Kid Rock Gives Slavery Two Thumbs Up, Receives Award

Janelle Harris
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Confederate flag
Sometimes I wish I wasn’t so short and stout so I could pull off what a situation like this really calls for: a Matrix-style roundhouse kick to Kid Rock and them fools over at the Detroit chapter of the NAACP who decided to give him an award.

I wouldn’t dust off my Neo acrobatics because Kid Rock is white. Heck, the NAACP was founded in large part by benevolent white and Jewish folks. I’m offended because Robert James is a Confederate flag lover. Supports it. Waves it. Stretches one across the stage while he's performing. 

Here’s my favorite quote from the fundraiser where he was honored: “I love America. I love Detroit, and I love black people.”

Hot diz-amn! Kid Rock loves me and my fellow Negroes. Feels better than silk sheets after a fresh body wax. But what would feel even better is to tell the NAACP to grow a set and hand Kid Rock a history book.

Let’s review: less than one hundred and fifty years ago, I would have been a slave. My days would’ve been spent performing grueling labor from sun up to sun down. Not the kind of hard work that makes you wake up with stiff joints in the morning and run through a replay of your evening to figure what you did to yourself. No, I’m talking relentless labor that burdens the body with chronic aches.

After surviving hours in the field or in the house, Skylar and I — because my daughter would’ve been born into slavery, too — would’ve sat down to a meal consisting of odds and ends parceled by the master of the house. As a woman, I would’ve had to protect her and keep my own guard against the persistent sexual advances of the plantation owner or any other men lurking around, for that matter. I couldn’t say no or fight them off because remember: I’m a slave. And even hinting at self-defense would be a death sentence.

I could’ve been forced to produce babies with men I didn’t really know, much less love, to increase the slave population, like breeding. My child, my parents, my siblings, or my spouse (if I was allowed to marry at all) may have been sold away from me. I might’ve been maimed by contraptions designed to keep me from running away, branded like a piece of cattle with a hot iron, or whipped until my flesh tore away from my body in chunks.

Every time I see a Confederate flag, this is what flashes through my mind — the suffering endured by my not-so-distant ancestors. So for Kid Rock to be touting it is the equivalent of him wearing a chain with the image of a black person hanging from a noose. No matter how much he and other supporters — including some lost-in-the-sauce black folks — work to desensitize the Confederate flag’s roots, that thing has billowed over more lynchings, more cross-burnings, more fire-bombings, more hate-filled anarchy than any other symbol.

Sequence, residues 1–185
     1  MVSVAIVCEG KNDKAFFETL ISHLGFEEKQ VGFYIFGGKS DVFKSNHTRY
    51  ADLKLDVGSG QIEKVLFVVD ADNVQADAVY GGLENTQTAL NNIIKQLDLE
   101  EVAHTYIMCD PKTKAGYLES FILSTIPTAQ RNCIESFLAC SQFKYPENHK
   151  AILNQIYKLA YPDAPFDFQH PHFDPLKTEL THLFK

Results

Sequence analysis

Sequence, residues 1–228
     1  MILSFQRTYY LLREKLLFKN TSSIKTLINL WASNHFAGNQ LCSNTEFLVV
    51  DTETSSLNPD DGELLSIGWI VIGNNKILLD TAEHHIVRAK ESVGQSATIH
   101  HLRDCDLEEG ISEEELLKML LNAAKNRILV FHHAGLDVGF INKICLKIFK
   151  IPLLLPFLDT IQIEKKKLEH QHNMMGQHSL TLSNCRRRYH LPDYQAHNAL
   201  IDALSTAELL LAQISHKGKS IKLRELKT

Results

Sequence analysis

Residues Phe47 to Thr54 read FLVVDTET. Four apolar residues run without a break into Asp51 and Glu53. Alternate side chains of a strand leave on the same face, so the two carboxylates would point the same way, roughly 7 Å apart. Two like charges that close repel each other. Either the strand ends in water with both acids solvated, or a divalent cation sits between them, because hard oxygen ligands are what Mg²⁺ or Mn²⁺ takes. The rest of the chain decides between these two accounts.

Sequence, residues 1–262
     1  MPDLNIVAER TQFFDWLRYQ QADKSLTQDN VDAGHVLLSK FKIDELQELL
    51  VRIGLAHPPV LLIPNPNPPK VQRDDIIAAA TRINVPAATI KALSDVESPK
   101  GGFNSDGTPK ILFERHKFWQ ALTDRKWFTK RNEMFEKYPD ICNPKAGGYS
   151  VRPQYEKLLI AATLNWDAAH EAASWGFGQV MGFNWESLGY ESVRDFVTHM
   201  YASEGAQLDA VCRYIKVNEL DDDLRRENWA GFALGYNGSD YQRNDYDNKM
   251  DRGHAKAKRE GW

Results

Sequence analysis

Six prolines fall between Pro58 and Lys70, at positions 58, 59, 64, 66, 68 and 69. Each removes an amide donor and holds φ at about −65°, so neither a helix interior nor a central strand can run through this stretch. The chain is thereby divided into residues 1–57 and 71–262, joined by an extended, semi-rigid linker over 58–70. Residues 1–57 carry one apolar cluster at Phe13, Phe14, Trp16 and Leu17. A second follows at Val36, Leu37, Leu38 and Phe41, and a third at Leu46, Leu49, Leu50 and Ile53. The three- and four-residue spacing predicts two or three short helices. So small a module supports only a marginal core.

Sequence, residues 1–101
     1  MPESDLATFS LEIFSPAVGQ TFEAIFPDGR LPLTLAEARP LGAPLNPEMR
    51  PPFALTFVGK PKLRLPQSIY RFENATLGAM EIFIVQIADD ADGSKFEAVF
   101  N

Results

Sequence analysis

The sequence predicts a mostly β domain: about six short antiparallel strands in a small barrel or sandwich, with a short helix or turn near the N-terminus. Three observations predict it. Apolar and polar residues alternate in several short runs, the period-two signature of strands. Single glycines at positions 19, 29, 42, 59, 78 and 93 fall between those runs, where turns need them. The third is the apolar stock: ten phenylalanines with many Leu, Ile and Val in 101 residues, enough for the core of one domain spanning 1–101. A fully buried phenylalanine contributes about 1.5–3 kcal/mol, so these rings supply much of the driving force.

It peeked out behind the racist rants of Southern politicians like David Duke and Strom Thurmond. It’s been in the backdrop of every Ku Klux Klan rally. Folks on the defense insist that the flag itself doesn’t represent racism. Yet some wayward Betsy Ross-type sewed it on up to fly over a Confederacy determined to maintain its way of life based on — oh, you already know — free labor from enslaved black folks. So why even use it?

Please believe this: if T-shirts with swastikas suddenly came en vogue, we wouldn’t even be having this conversation. Sons and daughters of Judaism would shut that down before it got off the tarmac, much less give somebody an award who openly and outwardly supported it. On the other hand there’s the NAACP, who apparently didn’t get the “have a little bit of pride” memo.

I don’t think Kid Rock really means any harm. He’s probably one of these poor, disillusioned folks who thinks we should be over it by now and that it’s OK for him to revel in a little rural and rednecky Americana. But if he wants to shout-out the old ways of the South (even though he’s from Detroit), he better eat a plate of cheese grits or sip a mint julep under a magnolia tree and read some Harper Lee.

The Confederate flag is still a slap in the face and a tangible reminder of the centuries that Africans were confined to being property, not people. It’ll always be, in my mind anyway, the crowning insult on a tradition of disrespect.

What does the Confederate flag mean in 2011? Is it offensive? Or is it just part of the fabric of America?

Image via {just jennifer}/Flickr

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